“Under section 10 of the said Caste Certificate Act any person, who has secured the benefits on the basis of the false caste certificate, on cancellation of such false caste certificate, is liable to be debarred from the concerned educational institution or as the case may be, discharged from the said employment forthwith and any other benefits enjoyed or derived by virtue of such admission or appointment by such person as aforesaid shall be withdrawn forthwith. He is also liable to various consequences prescribed under the said provision. Under section 11 of the said Caste Certificate Act, such person who obtains false caste certificate is also liable to be punished as prescribed therein”, Court notes while crystalizing relevant provisions under the Act.

Holding that the Scrutiny Committee did its job “rather sloppily” and “shirked the obligations imposed on it by the provisions of the Act”, the bench inter-alia marks,

  1. The Committee has not recorded any reasons as to why the objections of Vigilance Cell about the documents, was required to be rejected by it. Under Rule 18(12) of the Caste Certificate Rules, it is incumbent on the applicant to disclose all the true and correct information, including disclosure of adverse entries or material, failing which, it shall be lawful for the Scrutiny Committee to draw adverse inference.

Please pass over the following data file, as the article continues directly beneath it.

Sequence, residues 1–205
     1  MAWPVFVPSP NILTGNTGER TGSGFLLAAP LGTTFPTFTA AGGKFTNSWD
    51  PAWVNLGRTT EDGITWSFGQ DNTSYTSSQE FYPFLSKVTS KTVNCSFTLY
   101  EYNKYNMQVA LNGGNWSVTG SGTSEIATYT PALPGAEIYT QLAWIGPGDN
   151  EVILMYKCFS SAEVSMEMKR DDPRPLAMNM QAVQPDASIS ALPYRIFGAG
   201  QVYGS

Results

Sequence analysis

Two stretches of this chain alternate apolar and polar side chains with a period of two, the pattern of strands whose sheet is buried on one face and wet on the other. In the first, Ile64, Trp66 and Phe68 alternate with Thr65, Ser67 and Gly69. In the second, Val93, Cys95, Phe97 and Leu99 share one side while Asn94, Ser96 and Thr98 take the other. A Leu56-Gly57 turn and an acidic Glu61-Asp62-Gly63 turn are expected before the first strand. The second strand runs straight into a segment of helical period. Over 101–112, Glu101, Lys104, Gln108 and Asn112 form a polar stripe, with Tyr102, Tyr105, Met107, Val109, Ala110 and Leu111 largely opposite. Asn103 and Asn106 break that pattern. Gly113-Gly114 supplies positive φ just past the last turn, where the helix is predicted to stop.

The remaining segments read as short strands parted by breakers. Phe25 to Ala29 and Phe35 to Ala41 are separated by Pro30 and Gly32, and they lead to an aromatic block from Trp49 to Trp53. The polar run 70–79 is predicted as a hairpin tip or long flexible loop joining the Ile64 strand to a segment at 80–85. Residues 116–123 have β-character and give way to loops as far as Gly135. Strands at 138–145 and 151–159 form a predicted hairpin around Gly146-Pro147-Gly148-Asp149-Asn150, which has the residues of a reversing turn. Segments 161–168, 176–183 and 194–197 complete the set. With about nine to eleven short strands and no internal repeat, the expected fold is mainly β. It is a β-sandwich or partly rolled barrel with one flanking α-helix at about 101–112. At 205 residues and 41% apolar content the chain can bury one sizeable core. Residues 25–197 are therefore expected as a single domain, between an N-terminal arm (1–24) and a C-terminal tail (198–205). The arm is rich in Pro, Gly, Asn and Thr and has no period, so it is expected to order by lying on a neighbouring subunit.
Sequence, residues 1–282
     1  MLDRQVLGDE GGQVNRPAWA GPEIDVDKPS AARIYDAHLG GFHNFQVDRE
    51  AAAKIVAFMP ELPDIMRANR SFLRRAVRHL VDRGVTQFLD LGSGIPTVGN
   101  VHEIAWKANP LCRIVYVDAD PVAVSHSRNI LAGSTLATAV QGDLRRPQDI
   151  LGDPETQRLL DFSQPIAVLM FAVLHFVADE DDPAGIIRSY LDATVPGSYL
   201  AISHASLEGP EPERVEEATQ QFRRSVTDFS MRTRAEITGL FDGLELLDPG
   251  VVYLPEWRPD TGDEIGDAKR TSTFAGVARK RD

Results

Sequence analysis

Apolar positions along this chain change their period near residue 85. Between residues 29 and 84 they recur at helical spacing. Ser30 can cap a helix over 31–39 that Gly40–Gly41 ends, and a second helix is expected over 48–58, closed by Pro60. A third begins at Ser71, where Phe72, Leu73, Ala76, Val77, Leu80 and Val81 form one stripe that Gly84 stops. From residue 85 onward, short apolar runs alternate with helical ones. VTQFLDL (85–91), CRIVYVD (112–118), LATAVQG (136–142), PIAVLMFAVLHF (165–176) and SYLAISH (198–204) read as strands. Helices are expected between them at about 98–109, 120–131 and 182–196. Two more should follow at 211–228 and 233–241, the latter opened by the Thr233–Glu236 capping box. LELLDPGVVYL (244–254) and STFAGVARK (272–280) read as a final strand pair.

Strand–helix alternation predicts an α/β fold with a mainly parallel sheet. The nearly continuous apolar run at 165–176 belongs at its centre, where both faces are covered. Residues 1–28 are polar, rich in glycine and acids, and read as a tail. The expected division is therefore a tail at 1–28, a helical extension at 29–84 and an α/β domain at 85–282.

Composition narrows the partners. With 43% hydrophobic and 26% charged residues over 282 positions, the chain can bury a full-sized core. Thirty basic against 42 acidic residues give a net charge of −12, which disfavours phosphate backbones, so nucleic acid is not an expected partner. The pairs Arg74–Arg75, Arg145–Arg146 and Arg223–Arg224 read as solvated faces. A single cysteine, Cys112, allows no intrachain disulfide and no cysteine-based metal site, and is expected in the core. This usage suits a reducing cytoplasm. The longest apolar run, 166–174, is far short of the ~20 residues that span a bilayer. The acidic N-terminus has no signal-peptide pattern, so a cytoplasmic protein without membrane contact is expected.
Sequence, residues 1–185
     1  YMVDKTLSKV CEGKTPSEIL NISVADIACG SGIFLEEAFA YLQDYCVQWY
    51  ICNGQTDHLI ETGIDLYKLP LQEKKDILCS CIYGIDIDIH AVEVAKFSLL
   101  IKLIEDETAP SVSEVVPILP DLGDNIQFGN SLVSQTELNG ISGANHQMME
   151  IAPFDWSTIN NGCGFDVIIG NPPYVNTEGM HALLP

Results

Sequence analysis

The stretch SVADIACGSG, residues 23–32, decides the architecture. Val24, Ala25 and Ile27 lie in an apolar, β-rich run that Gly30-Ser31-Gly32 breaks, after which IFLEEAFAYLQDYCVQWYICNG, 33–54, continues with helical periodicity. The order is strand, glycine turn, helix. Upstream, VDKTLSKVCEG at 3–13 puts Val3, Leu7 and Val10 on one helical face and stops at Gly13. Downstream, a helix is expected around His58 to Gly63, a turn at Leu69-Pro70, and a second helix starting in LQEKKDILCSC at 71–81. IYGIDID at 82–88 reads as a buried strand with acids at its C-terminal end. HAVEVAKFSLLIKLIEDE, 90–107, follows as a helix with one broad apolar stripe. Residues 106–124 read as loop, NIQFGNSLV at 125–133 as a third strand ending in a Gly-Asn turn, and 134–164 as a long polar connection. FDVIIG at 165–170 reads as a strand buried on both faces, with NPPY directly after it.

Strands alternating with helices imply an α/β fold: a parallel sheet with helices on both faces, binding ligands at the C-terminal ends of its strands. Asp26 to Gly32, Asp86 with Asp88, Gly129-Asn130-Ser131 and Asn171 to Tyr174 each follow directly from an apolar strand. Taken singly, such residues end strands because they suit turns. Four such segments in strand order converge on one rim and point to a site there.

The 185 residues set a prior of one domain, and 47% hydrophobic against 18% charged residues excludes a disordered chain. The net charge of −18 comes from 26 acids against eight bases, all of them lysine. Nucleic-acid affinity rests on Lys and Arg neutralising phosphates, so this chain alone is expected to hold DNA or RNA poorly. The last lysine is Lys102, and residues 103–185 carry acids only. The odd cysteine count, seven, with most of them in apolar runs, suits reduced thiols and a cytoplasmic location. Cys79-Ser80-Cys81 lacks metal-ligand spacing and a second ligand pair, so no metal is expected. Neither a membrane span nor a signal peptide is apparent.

2. Though Committee was satisfied that the complaints made by petitioners, that the earlier caste validity certificate issued was based on fraudulent and fabricated documents, totally ignored the objections raised by the Vigilance Cell officer in various reports without recording any reasons.
  3. Under Rule 17(7), Caste Certificate Rules, findings recorded by the Vigilance Cell shall not be binding on the Scrutiny Committee. However it is obliged to record its reasons for discarding the same; “In this case, no such reasons are recorded for discarding the reports of Vigilance Cell raising doubts about the authenticity of the said alleged register showing the entry in the name of great grand-father of the respondent no.3 as a student of Khalsa College. In our view, the respondent no.2 committee has failed to follow the procedure prescribed under the Rule 17 of the Caste Certificate Rules while conducting an enquiry before issuance of the caste validity certificate in favour of respondent no.3 and has abdicated its duties.”
  4. Burden of proof was on the respondent to prove that she belonged to caste Mochi and was eligible to claim benefits provided to a reserved category candidate; “Though the Scrutiny Committee is not bound by the strict rules of evidence but is still bound by the principles of Evidence Act and also the natural justice.”

The bench referred to a catena of judgments on the aspect of Caste determination and issuance of false caste certificates, with the most recent pronouncement of the Supreme Court in District Collector Satara v. Mangesh and Anr., (2019) 10 SCC 166, where the Court recognised that troublesome aspect of this practice that the validity certificates are not only valid for that election, but also for all subsequent ones; “These certificates are not only valid for educational purposes but also for all other purposes. They can possibly become the basis for issuance of further certificates to their legal heirs.”

As reported by the Times of India, MP Rana has decided to prefer an appeal to the Top Court against the present verdict.

Case Title: Navneet Kaur Rana v. State of Maharashtra